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Category Archives: OneJustice Contests

A little trivial pursuit . . . January justice contest

Seriously – it’s National Trivia Day

Most of the time we think our work is anything but trivial.

Trivia ChallengeBut in honor of National Trivia Day, our January justice contest is exactly that!

True confessions – the first justice contest of the year always feels like a lot of pressure.  Like we’re setting the tone for an entire year, so it had better be great!

And then we found out that today is National Trivia Day.  Yep, even though that sounds like its very own April Fool’s joke – this is completely serious.

(Well, it’s not soooooooo serious.  And it’s actually also National Spaghetti Day – but even the hyper-creative OneJustice staff team couldn’t find a way to turn noodles into a justice contest!)

And then we realized that we have to celebrate this amazing holiday – OneJustice style.  How could we pass up this opportunity to share a tidbit of OneJustice trivia with you?

So here is the January justice contest.  Like December’s contest, it’s another guessing game – this time about the upcoming February 1st Public Interest/Public Sector Career Fair, affectionately known by law students and nonprofit legal organizations alike as “PI/PS Day.”  (And if you want to know more about PI/PS Day, read last month’s great blog post by Program Manager Kim Irish, check out the OneJustice website here, or watch the video at the end of this post.)

So, here is the number to guess to win our January 2014 Justice Contest (drum roll please……)

How many INTERVIEWS took place during PI/PS Day 2013?

You can win this nifty water bottle!  Post today!

You can win this nifty water bottle! Post today!

Some background factoids to help you calibrate your guesses:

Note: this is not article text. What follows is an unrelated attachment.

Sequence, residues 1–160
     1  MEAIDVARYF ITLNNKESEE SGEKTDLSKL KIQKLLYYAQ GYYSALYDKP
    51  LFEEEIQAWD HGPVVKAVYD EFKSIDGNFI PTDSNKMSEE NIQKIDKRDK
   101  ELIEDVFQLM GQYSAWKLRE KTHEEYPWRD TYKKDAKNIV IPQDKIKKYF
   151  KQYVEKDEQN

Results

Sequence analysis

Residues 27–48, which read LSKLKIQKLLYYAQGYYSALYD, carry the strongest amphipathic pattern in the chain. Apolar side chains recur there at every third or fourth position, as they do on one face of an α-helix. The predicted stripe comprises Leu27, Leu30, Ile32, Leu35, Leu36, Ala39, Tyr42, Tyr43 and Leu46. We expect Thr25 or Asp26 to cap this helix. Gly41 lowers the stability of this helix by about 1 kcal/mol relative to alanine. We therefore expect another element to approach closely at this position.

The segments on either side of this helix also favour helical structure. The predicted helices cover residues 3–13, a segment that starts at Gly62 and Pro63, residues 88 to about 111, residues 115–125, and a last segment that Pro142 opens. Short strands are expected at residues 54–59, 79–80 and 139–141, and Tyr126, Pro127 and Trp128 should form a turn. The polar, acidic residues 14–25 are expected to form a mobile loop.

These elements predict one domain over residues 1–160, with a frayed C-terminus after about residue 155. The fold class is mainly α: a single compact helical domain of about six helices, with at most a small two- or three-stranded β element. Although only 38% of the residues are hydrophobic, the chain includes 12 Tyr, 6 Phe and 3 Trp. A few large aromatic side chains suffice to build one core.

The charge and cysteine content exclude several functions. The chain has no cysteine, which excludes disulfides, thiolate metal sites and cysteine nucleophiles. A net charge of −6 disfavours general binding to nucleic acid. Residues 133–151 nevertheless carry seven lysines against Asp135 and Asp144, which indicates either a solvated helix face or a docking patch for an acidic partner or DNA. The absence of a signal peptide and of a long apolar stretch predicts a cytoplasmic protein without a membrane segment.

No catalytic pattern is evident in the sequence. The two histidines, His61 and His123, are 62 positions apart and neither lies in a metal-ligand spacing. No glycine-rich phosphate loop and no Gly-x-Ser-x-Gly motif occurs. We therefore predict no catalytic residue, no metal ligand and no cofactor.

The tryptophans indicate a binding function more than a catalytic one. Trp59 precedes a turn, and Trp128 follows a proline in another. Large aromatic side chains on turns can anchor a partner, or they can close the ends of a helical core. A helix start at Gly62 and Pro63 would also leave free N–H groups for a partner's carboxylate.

• PI/PS Day brings together law students from nine Northern California law schools with public interest employers from all over the state, for the largest public interest law career fair on the west coast.
  • Most of the day consists of employers interviewing law students for summer internships or post-graduate public interest positions.
  • In 2012, over 100 public interest employers participated in PI/PS Day.
  • In 2013, 635 law students attended PI/PS Day.

And you know the routine by now: post your guesses in comments to this blog post, or on our facebook or LinkedIn pages, or tweet it to @OneJusticeOrg using hashtag #OneJusticecontest.  All guesses must be posted before Monday January 13th, you may post more than one guess, and the guess closest to the correct number wins this nifty OneJustice water bottle.

And, to sweeten the pot in honor of National Trivia Day, if someone guesses the exact correct number of interviews granted in 2013, they will win a $25 Amazon gift card.  Yippee!

Let the guessing begin!  (And this post didn’t satisfy your appetite for trivia, check out this additional site with 45 amazing facts in honor of National Trivia Day). Enjoy!

Cast your vote for justice – today!

Vote today and help OneJustice win a free film

Tell the story of rural Californians who are facing legal problems – all alone.

Help tell stories like his - this client lives in Indio, CA and faces barriers to accessing legal services!

Help tell stories like his – this client lives in Indio, CA and faces barriers to accessing legal services!

The talented filmmaker Dave Brick (check out his gorgeous videos here) loves his job – and he loves nonprofits.  And he is demonstrating his support for nonprofits with a contest where he will produce a FREE FILM for the winner.

OneJustice is so honored to have been selected by Dave as one of five finalists – and today is the very, very, very last day to vote.

And we need your helpPlease VOTE HERE today!

We are so excited by Dave’s vision for a film that would poignantly tell the story of one low-income family, living in a remote, rural area – facing serious legal problems and barriers to accessing legal services.  This film will be a rousing call to action to the California legal community – and others – to be a part of the solution and expanding legal services for those living in isolated communities.